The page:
A tale from you know where by raistlin (Page 1 of 3)


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raistlin
Not sure if you are aware, but the Magistrates' Court has the power to remit existing fines, up to 100% if the Bench see it as being in the interests of justice to do so.

An example might be somebody who has a history of paying their fines regularly and promptly who suddenly falls upon hard times. If we think that the individual has learned their lesson, and there is evidence of a rapid and severe change of financial circumstances, rather than setting them up to fail we will remit fines. Let me tell you though that it is a rarity indeed.

A young woman stood before my Bench today, admitting a charge of theft from a shop. It was obvious that she had been "around the block a few times", as she conducted her defence equally as well as her long suffering solicitor.

We fined her and the brief asked for it to be consolidated with her on-going fines, which, for a single mother of two on benefits, was an eye-watering £1250 approximately. To this was to be added today's fine of £120 plus costs, which she repays at a standard rate of £10 per fortnight.

She then attracted her solicitor's attention and, excusing himself, turned his back and had a brief but clearly disagreeable discussion.

He turned back to us and said, "Your Worships, I am instructed to ask for my client's fines to be remitted in toto."

I must admit to not having seen that coming and I asked him for an explanation to which he replied that he thought it best for his client to explain directly.

So I asked her to do just that.

She pulled herself up to her full 5ft 6in of haughty disdain and said,

"I would prefer to buy Christmas for myself and my kids but with these fines payments, and now you're adding more, I can't afford to so if you don't remit them, it'll be your fault that I have to go out thieving to get the Christmas me and the brats rightly deserve".

A cogent argument, I thought.
Paul

Cogito ergo sum... maybe?

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Posted 14 Nov 2012, 19:58 #1 

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takestock
You of course agreed to her reasonable request........ :gmc:
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Dave....

Posted 14 Nov 2012, 22:06 #2 

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raistlin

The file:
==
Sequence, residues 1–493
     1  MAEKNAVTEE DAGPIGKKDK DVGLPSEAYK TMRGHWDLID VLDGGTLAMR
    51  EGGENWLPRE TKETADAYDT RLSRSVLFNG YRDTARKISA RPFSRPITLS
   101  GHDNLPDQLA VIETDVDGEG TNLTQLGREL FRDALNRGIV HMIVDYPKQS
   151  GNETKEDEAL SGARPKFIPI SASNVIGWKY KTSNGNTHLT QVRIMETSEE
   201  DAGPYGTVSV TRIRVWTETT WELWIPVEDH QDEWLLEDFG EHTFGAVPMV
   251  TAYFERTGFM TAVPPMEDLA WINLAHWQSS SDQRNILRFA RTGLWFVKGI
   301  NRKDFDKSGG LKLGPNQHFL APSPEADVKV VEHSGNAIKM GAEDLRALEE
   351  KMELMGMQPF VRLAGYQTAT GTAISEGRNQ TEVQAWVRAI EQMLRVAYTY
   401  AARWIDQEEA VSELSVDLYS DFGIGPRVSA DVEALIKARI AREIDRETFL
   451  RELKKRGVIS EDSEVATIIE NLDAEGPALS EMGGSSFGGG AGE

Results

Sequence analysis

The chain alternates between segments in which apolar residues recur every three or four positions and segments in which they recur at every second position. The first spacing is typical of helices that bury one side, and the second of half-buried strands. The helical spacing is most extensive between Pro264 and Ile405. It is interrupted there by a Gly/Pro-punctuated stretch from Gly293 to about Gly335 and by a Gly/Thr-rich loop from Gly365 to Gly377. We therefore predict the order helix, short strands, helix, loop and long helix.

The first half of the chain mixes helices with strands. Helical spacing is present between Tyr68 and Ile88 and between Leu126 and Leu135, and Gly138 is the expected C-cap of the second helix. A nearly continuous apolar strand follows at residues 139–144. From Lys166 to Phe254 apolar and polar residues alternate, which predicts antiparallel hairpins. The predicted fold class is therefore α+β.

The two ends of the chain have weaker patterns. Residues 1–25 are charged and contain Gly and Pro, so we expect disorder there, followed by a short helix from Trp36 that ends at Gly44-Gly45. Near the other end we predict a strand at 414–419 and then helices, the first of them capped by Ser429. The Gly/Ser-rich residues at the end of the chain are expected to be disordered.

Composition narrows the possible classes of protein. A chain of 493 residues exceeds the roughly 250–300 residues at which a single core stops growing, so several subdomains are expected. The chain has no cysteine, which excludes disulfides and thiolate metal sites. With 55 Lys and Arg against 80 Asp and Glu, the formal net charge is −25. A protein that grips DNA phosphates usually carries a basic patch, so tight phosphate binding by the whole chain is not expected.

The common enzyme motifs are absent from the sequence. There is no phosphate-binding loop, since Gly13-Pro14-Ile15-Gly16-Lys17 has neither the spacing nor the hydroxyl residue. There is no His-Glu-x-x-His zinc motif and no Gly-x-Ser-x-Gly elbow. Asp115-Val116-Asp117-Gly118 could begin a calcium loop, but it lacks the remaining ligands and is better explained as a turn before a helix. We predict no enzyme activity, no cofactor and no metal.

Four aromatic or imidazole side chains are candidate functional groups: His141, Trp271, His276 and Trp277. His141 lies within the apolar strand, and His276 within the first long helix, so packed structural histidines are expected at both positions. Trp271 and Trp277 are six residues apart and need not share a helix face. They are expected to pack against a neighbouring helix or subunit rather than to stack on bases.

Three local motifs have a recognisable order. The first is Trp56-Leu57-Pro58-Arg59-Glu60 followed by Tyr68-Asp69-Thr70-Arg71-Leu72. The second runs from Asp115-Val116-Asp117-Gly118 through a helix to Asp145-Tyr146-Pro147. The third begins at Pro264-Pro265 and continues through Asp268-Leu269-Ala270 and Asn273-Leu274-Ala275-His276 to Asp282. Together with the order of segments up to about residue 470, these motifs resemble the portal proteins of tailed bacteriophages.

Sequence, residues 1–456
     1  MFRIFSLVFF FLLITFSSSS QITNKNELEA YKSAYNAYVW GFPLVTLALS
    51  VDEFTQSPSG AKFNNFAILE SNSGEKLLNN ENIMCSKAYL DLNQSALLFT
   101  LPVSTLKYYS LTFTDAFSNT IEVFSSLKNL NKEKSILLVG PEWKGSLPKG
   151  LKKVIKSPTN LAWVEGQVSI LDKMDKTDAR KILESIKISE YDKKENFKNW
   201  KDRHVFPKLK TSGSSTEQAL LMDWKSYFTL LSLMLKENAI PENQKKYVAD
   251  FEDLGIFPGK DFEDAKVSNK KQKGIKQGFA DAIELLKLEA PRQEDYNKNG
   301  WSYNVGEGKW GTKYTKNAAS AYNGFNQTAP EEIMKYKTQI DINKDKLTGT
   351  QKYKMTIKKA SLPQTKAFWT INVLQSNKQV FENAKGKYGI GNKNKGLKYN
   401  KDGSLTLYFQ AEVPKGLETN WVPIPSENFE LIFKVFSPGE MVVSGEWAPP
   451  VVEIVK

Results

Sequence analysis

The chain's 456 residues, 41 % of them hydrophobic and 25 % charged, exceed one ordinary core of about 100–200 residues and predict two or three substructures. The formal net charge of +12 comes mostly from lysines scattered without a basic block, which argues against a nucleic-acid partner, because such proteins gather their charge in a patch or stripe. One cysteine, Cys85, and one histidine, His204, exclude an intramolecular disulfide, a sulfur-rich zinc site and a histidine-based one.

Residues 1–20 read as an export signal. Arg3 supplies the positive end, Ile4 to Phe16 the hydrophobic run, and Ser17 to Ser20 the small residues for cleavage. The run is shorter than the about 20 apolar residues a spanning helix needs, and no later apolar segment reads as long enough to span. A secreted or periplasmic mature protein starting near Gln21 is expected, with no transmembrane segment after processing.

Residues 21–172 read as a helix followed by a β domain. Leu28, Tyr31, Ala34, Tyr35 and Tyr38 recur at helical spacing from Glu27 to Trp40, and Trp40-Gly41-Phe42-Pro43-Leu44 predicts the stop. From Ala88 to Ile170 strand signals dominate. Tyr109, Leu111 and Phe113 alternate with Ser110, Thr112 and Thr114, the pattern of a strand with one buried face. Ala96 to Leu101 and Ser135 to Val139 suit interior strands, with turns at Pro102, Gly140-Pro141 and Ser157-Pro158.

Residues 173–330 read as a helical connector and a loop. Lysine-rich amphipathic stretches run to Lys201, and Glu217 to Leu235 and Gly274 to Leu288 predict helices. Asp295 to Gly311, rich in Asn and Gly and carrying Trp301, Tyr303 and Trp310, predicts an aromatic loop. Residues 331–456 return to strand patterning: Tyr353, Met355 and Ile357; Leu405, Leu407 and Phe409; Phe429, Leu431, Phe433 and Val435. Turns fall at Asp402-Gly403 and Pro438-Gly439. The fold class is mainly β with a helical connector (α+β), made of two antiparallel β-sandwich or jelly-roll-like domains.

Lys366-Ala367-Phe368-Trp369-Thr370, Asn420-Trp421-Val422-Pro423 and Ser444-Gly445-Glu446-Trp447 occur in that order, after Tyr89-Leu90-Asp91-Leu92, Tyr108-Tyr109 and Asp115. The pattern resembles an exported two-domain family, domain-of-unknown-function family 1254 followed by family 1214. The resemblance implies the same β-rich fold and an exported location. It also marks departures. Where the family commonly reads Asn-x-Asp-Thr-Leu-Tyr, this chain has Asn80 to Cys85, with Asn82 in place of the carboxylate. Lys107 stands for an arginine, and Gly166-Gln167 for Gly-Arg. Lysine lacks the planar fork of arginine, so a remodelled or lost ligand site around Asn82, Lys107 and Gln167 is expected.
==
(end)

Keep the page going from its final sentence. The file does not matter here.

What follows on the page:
takestock wrote:You of course agreed to her reasonable request........ :gmc:


Unfortunately, we had to decline.
Paul

Cogito ergo sum... maybe?

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Posted 14 Nov 2012, 22:56 #3 

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takestock
Bah humbug.....:D
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Dave....

Posted 15 Nov 2012, 17:49 #4 

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Bermudan 75
raistlin wrote:
takestock wrote:You of course agreed to her reasonable request........ :gmc:


Unfortunately, we had to decline.


Top man !!!!

:thumbsup: :clap:
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Posted 16 Nov 2012, 12:33 #5 

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James.uk
She has a point hough. We really aught to find some other way of punishing people who have little or no income. Fining them simply exacerbates the problem... :(

Posted 17 Nov 2012, 23:22 #6 

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raistlin
James.uk wrote:She has a point hough. We really aught to find some other way of punishing people who have little or no income. Fining them simply exacerbates the problem... :(


Any ideas James?
Paul

Cogito ergo sum... maybe?

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Posted 18 Nov 2012, 08:47 #7 

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takestock
Naked star jumps :D :D :D
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Dave....

Posted 18 Nov 2012, 09:32 #8 

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raistlin
takestock wrote:Naked star jumps :D :D :D


You didn't see her. :lol:

But seriously, what should we do?
Paul

Cogito ergo sum... maybe?

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Posted 18 Nov 2012, 09:39 #9 

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MrDoodles
James.uk wrote: We really aught to find some other way of punishing people who have little or no income.


We have, it's called jail!
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Posted 18 Nov 2012, 09:48 #10 

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raistlin
MrDoodles wrote:We have, it's called jail!


For a theft from shop worth £10?
Paul

Cogito ergo sum... maybe?

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Posted 18 Nov 2012, 09:58 #11 

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takestock
There are people that choose or are trapped in this way of life, their priorities appear different to others IE: The top of their list of needs is full sky package, fast broadband and games station, not having money to pay bills etc. Maybe an option would be to have the providers cut these necessities from offenders addresses.